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President of Wayne County Community College addresses "the crisis of the black family"

Feb 20, 2015

Twenty years ago this fall, Curtis Ivery was appointed chancellor of the oddly named Wayne County Community College District. The place was a mess. One of its campuses was closed, funding and facilities were wretched, and many thought it wouldn’t survive. But as Ivery, who had grown up poor and black in Amarillo, Texas, once told me, “whenever anybody told me I couldn’t do it, I did it.”

Today he is still in charge, and the WC-three, as it is often called, still has problems, but is thriving. It takes students who often have inferior high school educations and gets them ready for a career, or college.

Yet the black family is not thriving, and Ivery knows why. It’s because fathers aren’t present, because far too many black men aren’t living up to their responsibilities.

They abandon their families or are never part of them in the first place.

“There’s this myth that a single mother can do just fine on her own, and I know many try,” Ivery said. “But it just isn’t true. You need a father present.”

There’s somewhat of a taboo in the black community about speaking out about this, but he doesn’t care about that. He knows education and young people and what he’s talking about.

He was barely in his 30s when he became both the youngest and the first black member of a governor’s cabinet in the history of Arkansas, appointed by an almost equally young governor named Bill Clinton.

He learned enough about politics to help get a sequence of millages passed that gave new life to Wayne County Community College.

But more than 70% of the students today are women.

The missing men aren’t working on the line. They are too often living Hobbesian lives: Nasty, brutish and short.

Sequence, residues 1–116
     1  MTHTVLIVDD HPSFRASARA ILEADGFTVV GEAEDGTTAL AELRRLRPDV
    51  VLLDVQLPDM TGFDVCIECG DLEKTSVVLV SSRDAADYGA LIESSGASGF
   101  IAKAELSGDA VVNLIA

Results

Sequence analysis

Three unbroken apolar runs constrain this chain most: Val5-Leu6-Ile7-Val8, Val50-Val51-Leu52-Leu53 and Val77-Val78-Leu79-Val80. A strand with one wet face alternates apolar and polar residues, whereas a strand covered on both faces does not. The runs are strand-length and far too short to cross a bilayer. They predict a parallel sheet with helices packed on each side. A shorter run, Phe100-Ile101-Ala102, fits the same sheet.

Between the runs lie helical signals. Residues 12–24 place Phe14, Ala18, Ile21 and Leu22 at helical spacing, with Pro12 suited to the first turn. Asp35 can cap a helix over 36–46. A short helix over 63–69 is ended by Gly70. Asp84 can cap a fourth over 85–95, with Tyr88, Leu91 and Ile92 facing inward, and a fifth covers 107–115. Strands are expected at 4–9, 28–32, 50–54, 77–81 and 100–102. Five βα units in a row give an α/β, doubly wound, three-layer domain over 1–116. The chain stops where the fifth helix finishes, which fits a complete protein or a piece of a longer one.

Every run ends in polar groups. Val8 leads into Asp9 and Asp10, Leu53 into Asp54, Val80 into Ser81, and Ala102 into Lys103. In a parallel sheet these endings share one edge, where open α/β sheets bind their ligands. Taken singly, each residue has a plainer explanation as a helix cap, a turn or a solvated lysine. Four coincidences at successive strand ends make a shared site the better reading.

This has bothered Ivery for years, and now he’s done something about it.

He and his son Marcus, who works in finance for General Motors, have written a new book: Black Fatherhood, Reclaiming Our Legacy.

It’s beautifully bound and illustrated, and something he calls “a practical handbook for understanding the multifaceted legacy of black fatherhood.”

Both Iverys, Curtis, 64, and Marcus, 27, are sadly unusual in one sense; they grew up in a stable black nuclear family with parents who stayed together. That’s increasingly uncommon everywhere today, but especially in the black community.

The vast majority of all black children are born to unmarried mothers, and some who are married don’t stay that way.

Ivery understands that, but wants to send the message that even in failed relationships, “we must love our children more than we despise our partners.”

Black Fatherhood doesn’t yell at you, nor is it a sociological treatise. It is meant to be gently and warmly inspiring, and has been praised by the likes of Cornel West and Michael Eric Dyson, who wrote a preface.

Much of what it says could apply to fatherhood in general.

And changing black society in the way this book suggests may be even more necessary to saving Detroit than even the most skillfully crafted economic plan of adjustment. This is black history with a blueprint for the future, and a book that deserves to be better known.

Jack Lessenberry is Michigan Radio's political analyst. Views expressed in his essays are his own and do not necessarily reflect those of Michigan Radio, its management or the station licensee, The University of Michigan.